Diversité de champignons mycorhiziens arbusculaires d’un bas fond halomorphe.
Jmal, Z., Labidi, S., Dalpé, Y., Slim, S., Lounès-Hadj Sharaoui, A., and Ben Jeddi, F. (2015). "Diversité de champignons mycorhiziens arbusculaires d’un bas fond halomorphe.", Journal of New Sciences Agriculture and Biotechnology, 18(2), pp. 648-657.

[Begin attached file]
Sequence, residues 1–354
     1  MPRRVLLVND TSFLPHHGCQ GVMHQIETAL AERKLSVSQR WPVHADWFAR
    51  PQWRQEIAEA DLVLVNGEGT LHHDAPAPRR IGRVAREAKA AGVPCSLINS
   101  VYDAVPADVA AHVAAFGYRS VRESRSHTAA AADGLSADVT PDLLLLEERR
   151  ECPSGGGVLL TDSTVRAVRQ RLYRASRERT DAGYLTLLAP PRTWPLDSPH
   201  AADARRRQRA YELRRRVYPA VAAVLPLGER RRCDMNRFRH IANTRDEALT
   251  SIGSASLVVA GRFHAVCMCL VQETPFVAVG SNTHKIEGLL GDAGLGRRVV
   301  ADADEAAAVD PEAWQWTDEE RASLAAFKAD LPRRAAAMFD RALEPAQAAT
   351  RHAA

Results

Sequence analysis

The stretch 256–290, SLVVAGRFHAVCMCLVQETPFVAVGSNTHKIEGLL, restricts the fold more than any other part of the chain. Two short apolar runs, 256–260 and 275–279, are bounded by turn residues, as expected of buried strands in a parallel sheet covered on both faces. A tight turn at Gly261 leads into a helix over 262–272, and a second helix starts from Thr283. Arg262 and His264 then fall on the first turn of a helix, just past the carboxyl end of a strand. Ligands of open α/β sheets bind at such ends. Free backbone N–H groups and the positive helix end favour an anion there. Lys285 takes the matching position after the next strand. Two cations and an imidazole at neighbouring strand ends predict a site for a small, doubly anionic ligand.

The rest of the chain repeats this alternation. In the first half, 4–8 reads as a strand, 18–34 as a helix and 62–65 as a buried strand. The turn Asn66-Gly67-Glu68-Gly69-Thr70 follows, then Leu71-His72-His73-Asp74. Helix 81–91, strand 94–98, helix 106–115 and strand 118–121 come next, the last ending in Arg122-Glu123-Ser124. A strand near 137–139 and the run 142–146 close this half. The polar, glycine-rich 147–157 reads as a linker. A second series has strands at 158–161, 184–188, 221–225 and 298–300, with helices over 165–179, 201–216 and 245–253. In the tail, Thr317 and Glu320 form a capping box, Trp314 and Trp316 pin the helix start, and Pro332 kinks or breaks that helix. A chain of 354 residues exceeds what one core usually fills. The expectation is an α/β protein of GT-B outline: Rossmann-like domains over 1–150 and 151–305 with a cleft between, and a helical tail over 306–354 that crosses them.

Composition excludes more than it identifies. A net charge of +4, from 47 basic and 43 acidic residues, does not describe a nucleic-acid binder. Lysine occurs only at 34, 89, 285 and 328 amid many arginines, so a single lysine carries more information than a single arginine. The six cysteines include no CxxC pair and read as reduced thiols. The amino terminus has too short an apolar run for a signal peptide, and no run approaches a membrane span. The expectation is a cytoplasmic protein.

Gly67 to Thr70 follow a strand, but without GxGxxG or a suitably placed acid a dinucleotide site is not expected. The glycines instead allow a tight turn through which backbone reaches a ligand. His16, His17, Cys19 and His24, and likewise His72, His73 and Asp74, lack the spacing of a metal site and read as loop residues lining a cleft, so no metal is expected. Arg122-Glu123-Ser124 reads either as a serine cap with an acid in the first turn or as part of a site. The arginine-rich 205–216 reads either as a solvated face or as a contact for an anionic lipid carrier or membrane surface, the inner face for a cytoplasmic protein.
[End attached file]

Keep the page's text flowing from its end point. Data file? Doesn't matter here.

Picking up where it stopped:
Arbuscular mycorrhizal fungi (AMF) play a fundamental role in the survival of plant species in marginal soils, particularly low halomorphic funds (sebkhas). Twelve sites around a sebkha in north-eastern Tunisia were surveyed for flora diversity and soil characteristics. Arbuscular mycorrhizal fungi colonization was examined on the roots of sampled plants. The extraction of AMF spores from the soil samples was carried out in the spring period.The isolated spores were counted and seven AMF species were identified: Funneliformis geosporus, Rhizophagus irregularis, Claroideoglomus etunicatum, Funneliformis mosseae, Septoglomus constrictum, Rhizophagus diaphanus and Rhizophagus fasciculatus. Diversity of AMF and plant species in the investigated sites varied depending on soil salinity. The soil electrical conductivity ranged from 2.18 mS /cm (S5) to 98.67 mS /cm (S3). All studied sites, except S2, S5 and S8, were classified as very highly saline soils (> to 16 mS/cm).These later were characterized by the presence of the AMF species: Funneliformis geosporus and Claroideoglomus etunicatum. Only 29 on the 68 collected plant species presented arbuscular mycorrhizal structures in their roots. These plants belong to five botanical families: Asteraceae, Fabaceae, Oxalidaceae, Malvaceae and Poaceae. Fourty one percent of the sampled plants belongs to the Asteraceae family.
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